How procurement can drive flexible workforce programs across international borders
Global businesses frequently leverage what’s known as the “flexible workforce” – a combination of independent contractors, contingent workers, Statements of Work (SOW) and other project-based services – to efficiently and cost-effectively meet demand around the world. Engaging with this workforce has many benefits, but, as with many enterprise-wide initiatives, doing so on an international scale can be a complex process.
It’s important for organisations to identify and communicate with the right people internally to get a global external workforce program up and running, all while ensuring that their use of these workers complies with labour laws and business regulations across regions and borders as well as respects cultural norms. Who within a global company is best suited to take this on? The management of the flexible workforce often falls within the responsibilities of those in procurement, due to several reasons.
Many companies already have an operations team in place within the procurement function to manage acquisitions and contracts, making them well positioned to lead external workforce programs. Procurement is also accustomed to adhering to a myriad of compliance regulations within their world, monitoring variances in regulations and changing financial environments. This is an important mindset for managing an external workforce.
At a high level, procurement works closely with their HR counterparts and C-suite executives to ensure cohesive management of the entire workforce. On a business unit level, procurement works with individual managers to help them better understand how managing their external workers within a formalised program can help them gain better visibility and make more strategic workforce decisions.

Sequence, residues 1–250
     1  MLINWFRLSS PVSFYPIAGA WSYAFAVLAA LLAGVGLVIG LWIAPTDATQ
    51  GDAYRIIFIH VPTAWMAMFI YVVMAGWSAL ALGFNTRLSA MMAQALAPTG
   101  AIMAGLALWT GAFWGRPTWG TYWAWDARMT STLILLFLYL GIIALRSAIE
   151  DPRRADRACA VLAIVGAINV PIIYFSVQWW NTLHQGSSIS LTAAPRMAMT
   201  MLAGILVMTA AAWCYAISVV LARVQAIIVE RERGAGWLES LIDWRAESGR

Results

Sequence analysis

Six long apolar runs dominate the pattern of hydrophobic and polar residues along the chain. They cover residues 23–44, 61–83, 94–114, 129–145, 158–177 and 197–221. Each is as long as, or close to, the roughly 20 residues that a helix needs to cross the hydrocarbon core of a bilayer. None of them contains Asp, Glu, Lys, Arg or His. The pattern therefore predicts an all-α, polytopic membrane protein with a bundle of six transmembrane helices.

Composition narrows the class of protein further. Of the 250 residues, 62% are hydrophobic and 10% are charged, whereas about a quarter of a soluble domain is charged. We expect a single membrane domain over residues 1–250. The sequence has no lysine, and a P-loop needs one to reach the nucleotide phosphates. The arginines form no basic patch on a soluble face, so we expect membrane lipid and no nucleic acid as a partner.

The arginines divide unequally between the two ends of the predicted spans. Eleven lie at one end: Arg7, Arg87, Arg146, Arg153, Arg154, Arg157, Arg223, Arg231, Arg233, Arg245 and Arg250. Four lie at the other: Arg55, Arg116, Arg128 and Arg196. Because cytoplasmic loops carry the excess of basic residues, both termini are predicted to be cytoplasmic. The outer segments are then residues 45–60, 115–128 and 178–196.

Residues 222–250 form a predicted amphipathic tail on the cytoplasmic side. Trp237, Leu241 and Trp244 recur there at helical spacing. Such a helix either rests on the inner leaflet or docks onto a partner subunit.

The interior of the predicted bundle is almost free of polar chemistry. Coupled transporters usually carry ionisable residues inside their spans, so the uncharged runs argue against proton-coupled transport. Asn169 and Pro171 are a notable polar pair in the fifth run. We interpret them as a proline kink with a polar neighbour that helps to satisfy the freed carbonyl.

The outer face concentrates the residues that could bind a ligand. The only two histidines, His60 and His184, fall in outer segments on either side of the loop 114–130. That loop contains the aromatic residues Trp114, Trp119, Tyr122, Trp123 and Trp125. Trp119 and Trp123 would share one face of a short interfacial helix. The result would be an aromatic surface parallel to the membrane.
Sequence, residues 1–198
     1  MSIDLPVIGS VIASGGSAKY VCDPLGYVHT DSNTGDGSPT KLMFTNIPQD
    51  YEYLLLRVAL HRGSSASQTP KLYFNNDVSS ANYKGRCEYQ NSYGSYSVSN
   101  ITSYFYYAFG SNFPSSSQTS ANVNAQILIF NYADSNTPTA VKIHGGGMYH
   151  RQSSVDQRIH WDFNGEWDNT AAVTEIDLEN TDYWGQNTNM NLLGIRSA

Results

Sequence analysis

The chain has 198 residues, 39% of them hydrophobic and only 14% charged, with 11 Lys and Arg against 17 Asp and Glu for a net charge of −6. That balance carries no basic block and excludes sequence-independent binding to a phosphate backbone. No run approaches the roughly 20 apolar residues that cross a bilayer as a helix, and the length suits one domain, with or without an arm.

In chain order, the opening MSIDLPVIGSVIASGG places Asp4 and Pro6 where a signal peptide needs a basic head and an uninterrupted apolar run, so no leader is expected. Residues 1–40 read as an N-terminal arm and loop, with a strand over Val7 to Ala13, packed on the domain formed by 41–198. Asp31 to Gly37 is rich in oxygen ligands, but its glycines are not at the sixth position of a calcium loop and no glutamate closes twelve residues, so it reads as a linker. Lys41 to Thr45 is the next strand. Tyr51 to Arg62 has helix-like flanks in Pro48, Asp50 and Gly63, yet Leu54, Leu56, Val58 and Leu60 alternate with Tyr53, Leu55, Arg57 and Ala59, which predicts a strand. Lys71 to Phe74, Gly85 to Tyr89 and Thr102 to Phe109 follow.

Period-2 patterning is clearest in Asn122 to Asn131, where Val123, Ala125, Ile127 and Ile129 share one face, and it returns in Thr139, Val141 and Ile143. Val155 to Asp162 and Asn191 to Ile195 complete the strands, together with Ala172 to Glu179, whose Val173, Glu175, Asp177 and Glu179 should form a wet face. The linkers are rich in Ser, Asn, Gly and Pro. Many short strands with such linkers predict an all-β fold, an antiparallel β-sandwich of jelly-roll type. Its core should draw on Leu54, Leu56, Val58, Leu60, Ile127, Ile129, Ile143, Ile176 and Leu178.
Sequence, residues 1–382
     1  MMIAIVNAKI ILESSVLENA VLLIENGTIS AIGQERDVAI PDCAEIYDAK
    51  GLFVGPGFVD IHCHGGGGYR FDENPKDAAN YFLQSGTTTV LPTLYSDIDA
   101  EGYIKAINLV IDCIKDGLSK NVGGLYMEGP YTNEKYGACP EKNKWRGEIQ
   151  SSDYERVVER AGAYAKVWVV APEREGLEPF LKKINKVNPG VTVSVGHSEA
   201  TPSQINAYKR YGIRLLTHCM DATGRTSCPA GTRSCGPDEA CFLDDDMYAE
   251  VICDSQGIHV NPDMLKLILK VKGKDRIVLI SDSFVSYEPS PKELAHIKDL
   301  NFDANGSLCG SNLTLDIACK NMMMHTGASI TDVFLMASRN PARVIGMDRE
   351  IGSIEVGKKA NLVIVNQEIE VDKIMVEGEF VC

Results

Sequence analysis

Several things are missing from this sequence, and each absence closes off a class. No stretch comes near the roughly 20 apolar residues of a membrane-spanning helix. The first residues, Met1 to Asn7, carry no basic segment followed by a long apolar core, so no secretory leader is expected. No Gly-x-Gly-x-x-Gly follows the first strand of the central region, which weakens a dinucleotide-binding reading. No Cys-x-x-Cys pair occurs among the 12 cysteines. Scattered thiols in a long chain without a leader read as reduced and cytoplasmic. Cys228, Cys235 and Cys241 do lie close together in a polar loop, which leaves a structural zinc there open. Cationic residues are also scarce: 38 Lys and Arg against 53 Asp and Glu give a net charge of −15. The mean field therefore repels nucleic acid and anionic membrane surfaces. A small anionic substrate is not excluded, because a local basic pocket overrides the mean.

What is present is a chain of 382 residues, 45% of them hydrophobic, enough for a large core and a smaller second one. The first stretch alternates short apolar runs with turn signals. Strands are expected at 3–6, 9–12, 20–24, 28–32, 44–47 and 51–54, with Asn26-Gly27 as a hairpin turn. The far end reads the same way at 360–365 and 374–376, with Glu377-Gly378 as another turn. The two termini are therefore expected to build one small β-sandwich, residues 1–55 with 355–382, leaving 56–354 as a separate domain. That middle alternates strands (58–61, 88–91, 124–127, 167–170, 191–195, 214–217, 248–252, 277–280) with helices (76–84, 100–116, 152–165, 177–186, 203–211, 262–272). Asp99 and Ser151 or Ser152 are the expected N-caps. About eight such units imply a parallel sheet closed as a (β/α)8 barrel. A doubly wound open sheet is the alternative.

Many large, multi-country external workforce programs are enabled by a Vendor Management System (VMS), which is a technology platform that automates and simplifies the process for procurement and management of labour and services.
This technology can be configured for global use, so that no matter the country or the regulations, the VMS can ensure systematic compliance. For instance, many countries have complex payment requirements, with exceptions and variances based on hours worked and times arrived and departed. The procurement function is uniquely aware of these exceptions, and with the aid of technology they can prepare themselves to manage the adoption of new policies.
Procurement already has the structure in place to make global expansion a success along with the training and instincts to guide a company through cultural nuances. Therefore, it’s a natural fit for the procurement department to assume leadership of a global external workforce program across all departments and help guide executive leadership through the transition. By using VMS technology, businesses can create repeatable, reportable processes to create automated, efficient processes and a single system of record for greater visibility and to enable strategic workforce planning.
By Arun Srinivasan, VP of Strategy, Fieldglass.
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